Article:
Phosphatidylglycerol (PG) is a precursor for the biosynthesis of cardiolipin and a signaling molecule required for various cellular functions. PG is subjected to remodeling subsequent to its de novo biosynthesis in mitochondria to incorporate appropriate acyl content for its biological functions and to prevent the harmful effect of lysophosphatidylglycerol (LPG) accumulation. Yet, a gene encoding a mitochondrial LPG acyltransferase has not been identified. In this report, we identified a novel function of the human cardiolipin synthase (hCLS1) in regulating PG remodeling. In addition to the reported cardiolipin synthase activity, the recombinant hCLS1 protein expressed in COS-7 cells and Sf-9 insect cells exhibited a strong acyl-CoA-dependent LPG acyltransferase activity, which was further confirmed by purified hCLS1 protein overexpressed in Sf-9 cells. The recombinant hCLS1 displayed an acyl selectivity profile in the order of in the order of C18:1 > C18:2 > C18:0 > C16:0, which is similar to that of hCLS1 toward PGs in cardiolipin synthesis, suggesting that the PG remodeling by hCLS1 is an intrinsic property of the enzyme. In contrast, no significant acyltransferase activity was detected from the recombinant hCLS1 enzyme toward lysocardiolipin which shares a similar structure with LPG. In support of a key function of hCLS1 in PG remodeling, overexpression of hCLS1 in COS-7 cells significantly increased PG biosynthesis concurrent with elevated levels of cardiolipin without any significant effects on the biosynthesis of other phospholipids. These results demonstrate for the first time that hCLS1 catalyzes two consecutive steps in cardiolipin biosynthesis by acylating LPG to PG and then converting PG to cardiolipin.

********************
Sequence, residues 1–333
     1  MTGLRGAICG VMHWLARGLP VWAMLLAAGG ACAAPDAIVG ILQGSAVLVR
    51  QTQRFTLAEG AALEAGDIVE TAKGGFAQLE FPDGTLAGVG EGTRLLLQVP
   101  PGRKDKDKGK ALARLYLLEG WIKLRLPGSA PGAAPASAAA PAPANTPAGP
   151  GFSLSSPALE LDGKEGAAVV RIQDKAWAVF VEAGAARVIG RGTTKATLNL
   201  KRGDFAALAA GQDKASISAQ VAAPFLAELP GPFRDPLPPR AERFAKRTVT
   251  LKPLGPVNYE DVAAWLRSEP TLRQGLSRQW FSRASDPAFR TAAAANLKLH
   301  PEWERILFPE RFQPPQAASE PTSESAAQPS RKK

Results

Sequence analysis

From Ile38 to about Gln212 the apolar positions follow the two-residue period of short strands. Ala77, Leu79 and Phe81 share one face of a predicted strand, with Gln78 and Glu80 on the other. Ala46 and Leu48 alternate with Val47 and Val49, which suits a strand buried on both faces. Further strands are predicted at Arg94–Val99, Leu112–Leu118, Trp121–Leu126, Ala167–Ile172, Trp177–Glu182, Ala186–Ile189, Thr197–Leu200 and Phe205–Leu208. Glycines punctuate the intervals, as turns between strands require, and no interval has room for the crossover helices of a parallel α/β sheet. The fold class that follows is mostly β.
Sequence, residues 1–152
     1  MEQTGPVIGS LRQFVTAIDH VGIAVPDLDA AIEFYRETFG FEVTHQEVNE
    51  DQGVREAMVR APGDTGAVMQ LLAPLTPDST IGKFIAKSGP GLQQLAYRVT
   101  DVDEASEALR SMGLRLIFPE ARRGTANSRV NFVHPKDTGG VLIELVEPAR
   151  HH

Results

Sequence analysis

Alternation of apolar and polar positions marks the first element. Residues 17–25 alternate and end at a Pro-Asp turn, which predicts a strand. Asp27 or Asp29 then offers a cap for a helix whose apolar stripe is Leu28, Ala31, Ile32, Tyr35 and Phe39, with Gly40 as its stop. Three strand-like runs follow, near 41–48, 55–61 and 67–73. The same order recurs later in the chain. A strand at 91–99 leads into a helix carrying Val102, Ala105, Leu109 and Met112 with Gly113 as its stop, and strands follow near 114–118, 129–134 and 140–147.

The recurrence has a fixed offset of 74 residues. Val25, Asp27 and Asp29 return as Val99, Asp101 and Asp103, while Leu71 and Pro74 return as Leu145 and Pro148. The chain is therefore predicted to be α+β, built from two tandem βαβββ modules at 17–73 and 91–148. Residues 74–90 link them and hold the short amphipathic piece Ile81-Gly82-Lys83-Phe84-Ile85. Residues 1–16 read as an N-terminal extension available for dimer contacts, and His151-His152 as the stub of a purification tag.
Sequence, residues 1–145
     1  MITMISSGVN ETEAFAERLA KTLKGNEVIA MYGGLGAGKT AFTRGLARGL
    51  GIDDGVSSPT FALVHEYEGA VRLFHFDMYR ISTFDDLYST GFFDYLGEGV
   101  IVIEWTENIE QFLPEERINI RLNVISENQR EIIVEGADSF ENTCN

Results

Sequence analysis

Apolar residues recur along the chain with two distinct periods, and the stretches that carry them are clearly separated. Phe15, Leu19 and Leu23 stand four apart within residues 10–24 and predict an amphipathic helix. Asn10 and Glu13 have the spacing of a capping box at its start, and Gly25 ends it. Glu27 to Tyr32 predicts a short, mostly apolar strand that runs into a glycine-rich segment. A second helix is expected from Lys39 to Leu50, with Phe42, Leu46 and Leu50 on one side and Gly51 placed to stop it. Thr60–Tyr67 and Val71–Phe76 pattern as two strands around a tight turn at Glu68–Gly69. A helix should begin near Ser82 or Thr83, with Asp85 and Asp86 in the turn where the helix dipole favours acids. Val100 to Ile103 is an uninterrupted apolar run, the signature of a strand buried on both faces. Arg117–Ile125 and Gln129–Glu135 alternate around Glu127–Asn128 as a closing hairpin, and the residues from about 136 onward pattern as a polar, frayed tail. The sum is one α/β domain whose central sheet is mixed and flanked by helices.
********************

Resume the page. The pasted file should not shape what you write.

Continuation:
|Original language||English (US)|
|Number of pages||8|
|Journal||Biochimica et Biophysica Acta - Molecular and Cell Biology of Lipids|
|State||Published - Apr 2010|
ASJC Scopus subject areas
- Molecular Biology
- Cell Biology